- What should be in Diet for Breastfeeding Mothers?
- Foods Which Increase Milk Production
- Foods Rich in Protein
- Foods Rich in Iron
- Foods Rich in Calcium
- Foods To Be Avoided During Breastfeeding
- Do Breastfeeding Mothers Need Health Supplements?
- Can a Mother Diet During Breastfeeding?
- Does Being Vegetarian/ Vegan Affect Breast Milk Production?
Breastfeeding mothers spend extra calories. Though what a mother eats does not affect the quality of milk as the body is deft enough to make right nutrition for the baby but diet for a breastfeeding mother should be rich enough to fulfill nutritional needs of the mother and not render her deficient in any manner by providing nutrients to the child at her cost.
There are many other questions as well which affect the decisions of diet for breastfeeding mothers.
What food items increase milk production?
Are there any specific food items that a breastfeeding mother should avoid?
These are the common questions that come to the mind of any new mother. Breast milk is the best food for your baby. To ensure that you produce sufficient breast milk, it is very important that you take good care of your diet. In this article, we will discuss all the aspects related to nutrition in a breastfeeding mother.
As a breastfeeding mother, you don’t require a ‘special diet’ during breastfeeding. A nutritionally balanced diet is all that is required. Healthy food that is available locally and part of the normal cuisine of your family should be eaten.
Even women who aren’t well fed are able to feed their babies well. If the mother does not consume sufficient calories or nutrients to produce milk, her body will utilize the nutrients stored in the body to maintain milk production.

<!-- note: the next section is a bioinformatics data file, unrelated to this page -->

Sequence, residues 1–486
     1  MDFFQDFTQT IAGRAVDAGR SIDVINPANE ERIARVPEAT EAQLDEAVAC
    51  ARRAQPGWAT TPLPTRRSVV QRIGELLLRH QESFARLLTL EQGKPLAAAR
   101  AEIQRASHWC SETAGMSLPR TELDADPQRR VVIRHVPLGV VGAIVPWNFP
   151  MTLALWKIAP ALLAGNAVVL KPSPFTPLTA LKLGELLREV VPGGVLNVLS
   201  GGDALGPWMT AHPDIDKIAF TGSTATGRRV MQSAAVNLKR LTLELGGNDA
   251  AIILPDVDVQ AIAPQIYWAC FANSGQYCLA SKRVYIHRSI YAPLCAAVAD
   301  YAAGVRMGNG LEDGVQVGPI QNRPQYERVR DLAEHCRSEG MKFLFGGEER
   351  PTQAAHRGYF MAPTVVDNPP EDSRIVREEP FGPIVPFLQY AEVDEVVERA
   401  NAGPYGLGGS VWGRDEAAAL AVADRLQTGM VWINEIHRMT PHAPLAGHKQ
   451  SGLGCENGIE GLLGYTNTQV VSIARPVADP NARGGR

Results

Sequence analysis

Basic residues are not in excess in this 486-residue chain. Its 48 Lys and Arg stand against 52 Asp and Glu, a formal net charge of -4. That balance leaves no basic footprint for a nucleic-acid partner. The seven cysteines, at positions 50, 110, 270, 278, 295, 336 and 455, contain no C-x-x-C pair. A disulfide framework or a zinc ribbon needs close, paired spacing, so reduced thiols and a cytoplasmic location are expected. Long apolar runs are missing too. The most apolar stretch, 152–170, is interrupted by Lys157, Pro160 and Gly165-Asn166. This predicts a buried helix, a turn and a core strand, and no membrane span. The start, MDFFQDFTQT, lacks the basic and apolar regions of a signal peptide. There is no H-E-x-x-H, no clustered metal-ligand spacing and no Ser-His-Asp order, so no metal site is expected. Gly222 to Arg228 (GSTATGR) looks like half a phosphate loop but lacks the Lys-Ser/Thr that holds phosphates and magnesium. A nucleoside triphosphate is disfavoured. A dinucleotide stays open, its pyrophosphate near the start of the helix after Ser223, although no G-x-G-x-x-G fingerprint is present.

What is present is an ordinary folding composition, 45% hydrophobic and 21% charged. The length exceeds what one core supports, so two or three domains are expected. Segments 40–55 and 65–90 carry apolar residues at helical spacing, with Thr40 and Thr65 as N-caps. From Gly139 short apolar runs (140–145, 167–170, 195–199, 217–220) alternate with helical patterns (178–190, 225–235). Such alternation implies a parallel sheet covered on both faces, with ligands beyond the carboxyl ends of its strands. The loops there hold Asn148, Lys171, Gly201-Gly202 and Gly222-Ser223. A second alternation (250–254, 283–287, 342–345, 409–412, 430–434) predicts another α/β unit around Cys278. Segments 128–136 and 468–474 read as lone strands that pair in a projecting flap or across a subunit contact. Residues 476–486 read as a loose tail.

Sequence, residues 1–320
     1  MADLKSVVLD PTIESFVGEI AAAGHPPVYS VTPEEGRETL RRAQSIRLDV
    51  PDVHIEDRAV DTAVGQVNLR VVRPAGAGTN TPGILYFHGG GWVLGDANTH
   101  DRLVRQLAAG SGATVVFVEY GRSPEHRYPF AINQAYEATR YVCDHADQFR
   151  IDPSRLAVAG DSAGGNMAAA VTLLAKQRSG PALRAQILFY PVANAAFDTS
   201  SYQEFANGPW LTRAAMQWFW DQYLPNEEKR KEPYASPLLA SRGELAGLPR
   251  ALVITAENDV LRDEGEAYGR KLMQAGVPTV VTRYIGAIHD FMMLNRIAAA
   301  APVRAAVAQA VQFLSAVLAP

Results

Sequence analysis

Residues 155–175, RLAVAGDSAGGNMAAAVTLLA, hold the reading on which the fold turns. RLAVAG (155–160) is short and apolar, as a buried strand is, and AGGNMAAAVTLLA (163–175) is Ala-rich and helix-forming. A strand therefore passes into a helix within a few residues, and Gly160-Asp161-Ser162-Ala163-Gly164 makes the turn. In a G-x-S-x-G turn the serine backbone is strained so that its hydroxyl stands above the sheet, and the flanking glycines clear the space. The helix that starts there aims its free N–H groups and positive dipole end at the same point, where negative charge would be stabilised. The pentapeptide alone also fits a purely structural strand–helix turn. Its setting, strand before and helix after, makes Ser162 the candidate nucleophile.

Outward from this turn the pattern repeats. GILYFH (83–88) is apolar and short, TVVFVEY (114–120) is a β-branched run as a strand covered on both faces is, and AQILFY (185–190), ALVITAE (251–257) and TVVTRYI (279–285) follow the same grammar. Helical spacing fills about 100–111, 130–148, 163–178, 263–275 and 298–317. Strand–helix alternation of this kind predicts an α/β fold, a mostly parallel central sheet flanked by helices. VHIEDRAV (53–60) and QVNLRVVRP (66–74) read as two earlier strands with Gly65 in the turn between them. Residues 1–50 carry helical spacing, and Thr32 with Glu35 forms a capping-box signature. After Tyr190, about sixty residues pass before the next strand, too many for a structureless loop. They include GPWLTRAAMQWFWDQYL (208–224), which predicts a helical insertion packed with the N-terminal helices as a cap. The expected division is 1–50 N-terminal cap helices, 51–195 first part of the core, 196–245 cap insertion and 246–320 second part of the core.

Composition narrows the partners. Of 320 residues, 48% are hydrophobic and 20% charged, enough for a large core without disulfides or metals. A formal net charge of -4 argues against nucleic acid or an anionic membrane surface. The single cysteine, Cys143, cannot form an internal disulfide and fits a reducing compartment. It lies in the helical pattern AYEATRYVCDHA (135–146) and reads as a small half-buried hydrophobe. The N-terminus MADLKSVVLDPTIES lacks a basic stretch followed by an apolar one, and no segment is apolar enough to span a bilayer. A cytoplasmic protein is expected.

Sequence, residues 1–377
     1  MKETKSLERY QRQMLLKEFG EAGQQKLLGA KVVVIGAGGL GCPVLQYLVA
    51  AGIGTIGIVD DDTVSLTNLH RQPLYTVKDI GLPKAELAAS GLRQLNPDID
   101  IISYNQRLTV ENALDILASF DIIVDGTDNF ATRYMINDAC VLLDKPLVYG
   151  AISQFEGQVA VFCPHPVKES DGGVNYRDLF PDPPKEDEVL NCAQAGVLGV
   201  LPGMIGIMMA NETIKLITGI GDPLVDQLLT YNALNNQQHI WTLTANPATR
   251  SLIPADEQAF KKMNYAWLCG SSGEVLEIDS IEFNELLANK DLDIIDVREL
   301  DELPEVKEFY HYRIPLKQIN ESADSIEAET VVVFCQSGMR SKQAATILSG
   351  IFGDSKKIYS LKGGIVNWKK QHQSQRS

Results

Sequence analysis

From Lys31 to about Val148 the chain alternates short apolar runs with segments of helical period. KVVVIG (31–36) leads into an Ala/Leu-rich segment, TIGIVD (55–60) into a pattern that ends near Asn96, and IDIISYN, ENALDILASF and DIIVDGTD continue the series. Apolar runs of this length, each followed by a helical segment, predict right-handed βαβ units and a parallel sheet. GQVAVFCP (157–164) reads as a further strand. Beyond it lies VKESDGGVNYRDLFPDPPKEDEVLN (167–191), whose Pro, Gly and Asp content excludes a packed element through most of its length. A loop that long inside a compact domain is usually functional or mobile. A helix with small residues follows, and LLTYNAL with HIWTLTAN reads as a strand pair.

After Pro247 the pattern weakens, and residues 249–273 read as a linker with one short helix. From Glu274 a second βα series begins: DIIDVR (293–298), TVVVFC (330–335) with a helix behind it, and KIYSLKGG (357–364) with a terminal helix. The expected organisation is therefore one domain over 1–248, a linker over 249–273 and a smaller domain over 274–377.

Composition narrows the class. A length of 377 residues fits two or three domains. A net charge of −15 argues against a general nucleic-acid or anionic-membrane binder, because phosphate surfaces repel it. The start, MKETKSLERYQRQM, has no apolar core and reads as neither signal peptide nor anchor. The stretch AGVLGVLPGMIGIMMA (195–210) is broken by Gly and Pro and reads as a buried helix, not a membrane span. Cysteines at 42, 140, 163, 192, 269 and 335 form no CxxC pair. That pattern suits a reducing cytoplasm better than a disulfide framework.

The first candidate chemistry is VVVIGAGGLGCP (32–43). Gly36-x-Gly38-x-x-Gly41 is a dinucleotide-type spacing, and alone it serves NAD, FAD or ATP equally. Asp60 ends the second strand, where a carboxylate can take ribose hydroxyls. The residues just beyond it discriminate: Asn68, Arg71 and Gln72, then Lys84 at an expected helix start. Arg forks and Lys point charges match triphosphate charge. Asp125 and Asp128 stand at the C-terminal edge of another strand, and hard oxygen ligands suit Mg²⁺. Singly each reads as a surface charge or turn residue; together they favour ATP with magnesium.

Having said that, it is very important that a feeding mother takes an adequate and balanced diet. Else it can affect the mother’s health in the long run. Poor diet is more likely to affect the mother negatively as compared to the baby. Nutritional deficiency and neglect during pregnancy and lactation affect the quality of mother’s and baby’s lives well beyond delivery. Therefore, mothers must make sure that they eat a nutritionally rich and healthy diet during this critical period.
What should be in Diet for Breastfeeding Mothers?
Plenty of fluids
You should drink plenty of fluids (such as water, fresh juice, soups, buttermilk, lime water, milk, etc). However, there is no need to force liquids. Drinking to satisfy the thirst is sufficient. Forcing yourself to drink fluids will not increase the milk supply.
Artificially sweetened drinks and drinks containing caffeine should, however, be avoided.
Sufficient calories and nutrients
The average daily calorie requirement of a woman is about 1800-2000 Kcal. A mother’s body consumes lots of calories in making milk. During breastfeeding, a mother’s body needs about 500 additional Kcal. This means that you should consume about 2,500 Kcal per day during breastfeeding.
However, it is not a good idea to eat by counting calories. Instead, you should listen to your body and follow your hunger as a guide to how much needs to be eaten. Ideally, you should have small, frequent meals, 3 major meals and 2-3 minor snacks per day.
Foods from all food groups
Your diet should consist of a variety of foods from all food groups (cereals, pulses, milk and milk products, fruits, vegetables, meat, fish, oils, nuts, etc)
You must eat cereals and whole grains in all your major meals. It is better to include different cereals like rice, whole wheat, broken wheat, ragi, jowar, bajra and oats in your diet. This variety not only prevents boredom but also ensures that you enjoy the health benefits of all the cereals.
Whole grain products provide essential vitamins and minerals along with fibers. Refined sugars and carbohydrates should be restricted.
Fruits and vegetables
Seasonal fruits and vegetables must be included to provide you with daily dose of vitamins and minerals. Fruits are also an excellent choice for mid-meal hunger pangs.
While all fruits have health benefits, certain fruits are especially beneficial for feeding mother. These include papaya, apricots, watermelons, grapefruit, pineapple, custard apple, pomegranate, etc.